The heart of these simulation systems is the Powerbench presenting both future vehicles and individual components in their original size in both two and three dimensions. On this reverse projection wall measuring 6 metres or almost 20 feet in width and 2.7 metres or nearly 9 feet in height, four projectors create an image with four times the usual standard of high definition (4,096 x 2,160 pixels), each pixel measuring 1.5 millimetres or 0.06” in size. This brings out even the finest details such as the curvature of the kidney bars on the front end of the new BMW 5 Series Sedan or the seam pattern of each seat, again offering the highest standard of reality.
The projectors are fed by 23 high-performance PCs with high-end graphic cards installed in the same area to ensure maximum image quality through short cable connections. Each projector is made up of four elements controlled by an individual PC, with a central computer coordinating the overall transfer of data.
Three-dimensional presentation is provided by the addition of a floor projection unit measuring approximately 6 x 2.4 metres (19.7 x 7.9 feet). The observer looks at the images created through special glasses providing a three-dimensional impression, the position of the beholder within the projection area being monitored by a combination of eight cameras and taken into account in presenting the final image. With each change of this angle of vision, the beholder receives a new perspective of the model presented – he is able to check out the virtual vehicle from various distances and even walk around the car.
Precise analysis for perfect surface quality.
This superior technology enables the designer, the body specialist and the constructor to analyse, say, the effects of various surfaces and body joints on the basis of a virtual model, comparing individual variants under identical light conditions. This also allows a comparative analysis of different colour variants on the body or within the interior very quickly and efficiently, offering a range of choice and different perspectives hardly achievable with real-life models (or only with a great effort).
The Powerbench is now used in all product creation processes as a vital tool for the simulation of models. To present the new BMW 5 Series Sedan from all perspectives and in all its features on the Powerbench, the 3D model is made up of 12 million triangles or polygons and may even be moved in real time.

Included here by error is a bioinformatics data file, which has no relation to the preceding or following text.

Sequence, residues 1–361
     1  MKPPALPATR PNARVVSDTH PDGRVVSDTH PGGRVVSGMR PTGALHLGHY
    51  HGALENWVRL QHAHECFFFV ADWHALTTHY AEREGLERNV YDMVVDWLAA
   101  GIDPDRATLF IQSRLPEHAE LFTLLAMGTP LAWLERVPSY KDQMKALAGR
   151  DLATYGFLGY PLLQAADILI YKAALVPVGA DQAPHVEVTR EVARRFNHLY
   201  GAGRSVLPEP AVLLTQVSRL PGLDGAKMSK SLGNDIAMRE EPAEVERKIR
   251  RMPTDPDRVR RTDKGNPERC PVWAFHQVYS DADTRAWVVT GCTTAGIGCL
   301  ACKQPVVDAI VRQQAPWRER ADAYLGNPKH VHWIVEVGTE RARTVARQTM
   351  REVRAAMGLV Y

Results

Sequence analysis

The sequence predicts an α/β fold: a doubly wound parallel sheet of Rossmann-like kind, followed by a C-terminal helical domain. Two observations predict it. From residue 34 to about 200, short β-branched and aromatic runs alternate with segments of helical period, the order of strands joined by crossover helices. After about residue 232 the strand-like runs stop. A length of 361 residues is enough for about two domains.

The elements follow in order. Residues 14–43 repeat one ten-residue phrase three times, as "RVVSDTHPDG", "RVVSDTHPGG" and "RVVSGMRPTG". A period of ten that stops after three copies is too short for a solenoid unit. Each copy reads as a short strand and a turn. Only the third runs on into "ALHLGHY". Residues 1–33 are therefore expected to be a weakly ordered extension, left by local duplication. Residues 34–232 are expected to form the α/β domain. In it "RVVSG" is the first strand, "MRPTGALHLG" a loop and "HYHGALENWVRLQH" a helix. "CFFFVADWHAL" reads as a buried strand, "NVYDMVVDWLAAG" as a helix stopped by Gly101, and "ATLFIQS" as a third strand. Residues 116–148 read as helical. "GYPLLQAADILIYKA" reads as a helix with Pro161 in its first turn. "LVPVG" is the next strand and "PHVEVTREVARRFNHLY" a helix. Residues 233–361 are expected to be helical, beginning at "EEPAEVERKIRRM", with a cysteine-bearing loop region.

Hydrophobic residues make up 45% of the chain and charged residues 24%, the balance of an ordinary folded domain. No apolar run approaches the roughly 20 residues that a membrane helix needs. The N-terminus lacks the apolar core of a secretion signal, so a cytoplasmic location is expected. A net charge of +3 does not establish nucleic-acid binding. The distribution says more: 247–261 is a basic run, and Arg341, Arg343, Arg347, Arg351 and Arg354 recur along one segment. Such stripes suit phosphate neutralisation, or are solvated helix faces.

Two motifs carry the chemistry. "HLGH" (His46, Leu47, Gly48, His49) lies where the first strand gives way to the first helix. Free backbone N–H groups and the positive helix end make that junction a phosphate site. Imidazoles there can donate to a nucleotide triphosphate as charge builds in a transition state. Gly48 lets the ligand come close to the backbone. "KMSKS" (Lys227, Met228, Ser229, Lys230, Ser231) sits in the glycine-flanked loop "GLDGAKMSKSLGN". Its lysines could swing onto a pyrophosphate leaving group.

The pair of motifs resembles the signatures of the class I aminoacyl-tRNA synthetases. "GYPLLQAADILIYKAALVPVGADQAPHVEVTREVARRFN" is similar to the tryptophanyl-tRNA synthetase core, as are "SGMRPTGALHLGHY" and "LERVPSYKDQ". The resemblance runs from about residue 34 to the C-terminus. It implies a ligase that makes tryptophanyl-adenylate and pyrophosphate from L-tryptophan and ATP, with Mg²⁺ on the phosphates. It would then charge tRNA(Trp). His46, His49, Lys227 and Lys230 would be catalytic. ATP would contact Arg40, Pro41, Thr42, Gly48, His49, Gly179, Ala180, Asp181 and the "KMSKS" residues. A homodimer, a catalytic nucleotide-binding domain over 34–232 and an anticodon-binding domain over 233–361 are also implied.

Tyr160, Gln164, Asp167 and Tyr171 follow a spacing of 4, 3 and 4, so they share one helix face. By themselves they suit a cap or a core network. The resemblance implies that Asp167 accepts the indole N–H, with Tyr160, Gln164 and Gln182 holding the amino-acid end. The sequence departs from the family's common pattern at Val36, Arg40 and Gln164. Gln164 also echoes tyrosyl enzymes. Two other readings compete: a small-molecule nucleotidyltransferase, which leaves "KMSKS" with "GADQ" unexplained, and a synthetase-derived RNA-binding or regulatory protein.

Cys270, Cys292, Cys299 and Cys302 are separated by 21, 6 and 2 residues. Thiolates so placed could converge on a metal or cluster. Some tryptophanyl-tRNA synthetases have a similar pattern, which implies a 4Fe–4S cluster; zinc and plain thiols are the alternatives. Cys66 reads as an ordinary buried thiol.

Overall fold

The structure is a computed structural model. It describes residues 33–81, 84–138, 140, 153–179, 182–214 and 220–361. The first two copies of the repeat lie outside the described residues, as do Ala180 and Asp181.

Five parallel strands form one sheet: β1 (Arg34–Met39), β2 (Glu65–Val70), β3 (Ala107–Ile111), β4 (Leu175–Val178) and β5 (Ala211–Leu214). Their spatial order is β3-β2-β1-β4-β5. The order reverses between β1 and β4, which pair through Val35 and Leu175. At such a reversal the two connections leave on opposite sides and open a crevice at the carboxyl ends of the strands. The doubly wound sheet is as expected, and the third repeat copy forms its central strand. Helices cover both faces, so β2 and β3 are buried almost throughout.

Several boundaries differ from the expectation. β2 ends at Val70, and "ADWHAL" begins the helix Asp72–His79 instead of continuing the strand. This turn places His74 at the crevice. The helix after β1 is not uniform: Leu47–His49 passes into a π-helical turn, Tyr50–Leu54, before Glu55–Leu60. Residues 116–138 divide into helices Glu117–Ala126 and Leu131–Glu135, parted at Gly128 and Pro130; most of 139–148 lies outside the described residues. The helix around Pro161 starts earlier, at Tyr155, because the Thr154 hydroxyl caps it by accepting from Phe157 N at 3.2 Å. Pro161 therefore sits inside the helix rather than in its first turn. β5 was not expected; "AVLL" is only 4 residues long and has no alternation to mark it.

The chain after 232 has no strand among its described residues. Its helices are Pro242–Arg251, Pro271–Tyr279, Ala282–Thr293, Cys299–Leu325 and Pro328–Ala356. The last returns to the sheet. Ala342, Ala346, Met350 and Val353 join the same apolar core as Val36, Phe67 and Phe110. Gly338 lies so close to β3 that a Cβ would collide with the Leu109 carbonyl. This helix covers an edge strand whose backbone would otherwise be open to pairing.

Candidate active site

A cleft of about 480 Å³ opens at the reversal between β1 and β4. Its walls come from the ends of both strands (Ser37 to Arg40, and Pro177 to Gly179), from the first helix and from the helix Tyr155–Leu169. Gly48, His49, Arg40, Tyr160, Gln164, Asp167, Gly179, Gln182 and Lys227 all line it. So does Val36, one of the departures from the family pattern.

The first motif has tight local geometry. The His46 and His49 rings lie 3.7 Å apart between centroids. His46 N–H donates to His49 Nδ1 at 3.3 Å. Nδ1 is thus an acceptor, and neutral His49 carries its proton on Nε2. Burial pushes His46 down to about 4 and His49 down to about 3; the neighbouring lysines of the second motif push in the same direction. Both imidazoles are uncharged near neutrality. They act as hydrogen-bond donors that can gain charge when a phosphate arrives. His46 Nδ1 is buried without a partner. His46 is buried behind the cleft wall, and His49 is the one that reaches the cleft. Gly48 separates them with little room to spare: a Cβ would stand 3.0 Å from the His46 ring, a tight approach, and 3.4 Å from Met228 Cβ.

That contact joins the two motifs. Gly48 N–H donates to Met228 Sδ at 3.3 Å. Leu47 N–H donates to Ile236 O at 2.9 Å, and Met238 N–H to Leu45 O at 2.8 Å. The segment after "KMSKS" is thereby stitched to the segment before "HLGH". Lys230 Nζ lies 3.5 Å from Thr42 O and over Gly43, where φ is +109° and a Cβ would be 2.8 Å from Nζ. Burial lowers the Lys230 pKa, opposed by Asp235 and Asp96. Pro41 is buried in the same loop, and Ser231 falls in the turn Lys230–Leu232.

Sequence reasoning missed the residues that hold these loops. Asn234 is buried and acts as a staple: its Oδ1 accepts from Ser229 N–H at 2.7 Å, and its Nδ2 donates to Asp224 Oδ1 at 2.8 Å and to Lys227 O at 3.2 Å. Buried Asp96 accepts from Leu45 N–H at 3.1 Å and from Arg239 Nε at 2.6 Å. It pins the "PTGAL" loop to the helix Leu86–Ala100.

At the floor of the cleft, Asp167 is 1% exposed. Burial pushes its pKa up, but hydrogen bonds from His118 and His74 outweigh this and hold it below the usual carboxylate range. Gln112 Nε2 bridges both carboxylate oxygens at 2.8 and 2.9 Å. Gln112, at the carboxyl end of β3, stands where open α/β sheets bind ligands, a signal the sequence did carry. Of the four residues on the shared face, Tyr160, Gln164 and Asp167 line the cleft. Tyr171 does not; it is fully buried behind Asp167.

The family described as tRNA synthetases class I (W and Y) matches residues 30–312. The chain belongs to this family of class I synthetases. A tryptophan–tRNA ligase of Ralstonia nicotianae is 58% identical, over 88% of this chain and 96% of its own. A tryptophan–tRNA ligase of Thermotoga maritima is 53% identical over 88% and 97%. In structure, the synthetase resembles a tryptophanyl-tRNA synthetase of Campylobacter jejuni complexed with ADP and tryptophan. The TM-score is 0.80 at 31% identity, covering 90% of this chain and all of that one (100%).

The options provided by the Powerbench enhance the assurance of surface quality particularly significant in BMW Group Design. This is because the extremely refined presentation technology used in this case also renders reflection lines showing light and shade from all different angles, again in full detail and very realistically.
The harmonious flow of surfaces with exciting, elaborately chiselled and consistently attractive curvature and contours from every angle may therefore be rendered and assured from the start on the virtual vehicle. The BMW 5 Series Sedan, for example, comes with particularly smooth transitions from the engine lid to the front side panels perfected, together with other technologies, through the refined work and processes conducted on the Powerbench.
The radius on the upper surround of the BMW kidney is another example of precision work on a virtual model. The reflection lines shown in the Powerbench serve to simulate incoming light and the image perceived by the beholder from various perspectives. Using this preview function, the designers were in a position to carefully optimise the contours of the kidney surround, modelling the surfaces on the Powerbench with utmost refinement to achieve an extremely dynamic flow of reflection lines. On the “real” car this gives the front end an even more subtle and very refined, sporting look.
In the convergence of design and technology, the Powerbench also serves to ensure the most perfect conceivable synthesis of form and function. In designing the new BMW 5 Series Sedan it was essential, for example, to meet greater demands in terms of pedestrian safety involving repercussions, among other things, on the height of the engine compartment lid. The ideal contours of the lid from the perspective of safety were first set out by way of defined points. Then the graphic compiled in this way was compared on the Powerbench with the shapes and lines favoured by the designers, presenting the freedom in design possible as well as any conflicts of interest. This made it possible from an early point in designing the new
BMW 5 Series Sedan to find a convincing balance of striking front end design, on the one hand, and pedestrian safety, on the other.
The “Hofmeister kink”: a challenge in design, construction and production. The design of the side window graphics around the C-pillar is one of the typical signs of distinction of every BMW – and precisely here the new BMW 5 Series Sedan comes with a strikingly elegant, sleekly stretched side window giving the entire passenger cell a particularly light and low-slung look and dynamically highlighting the silhouette of the Sedan.
To generate this effect the rear side window was wrapped around far into the C-pillar, giving it a very slender appearance. The counter-swing on the window surround well-known as the “Hofmeister kink” therefore comes in an unusually tight radius.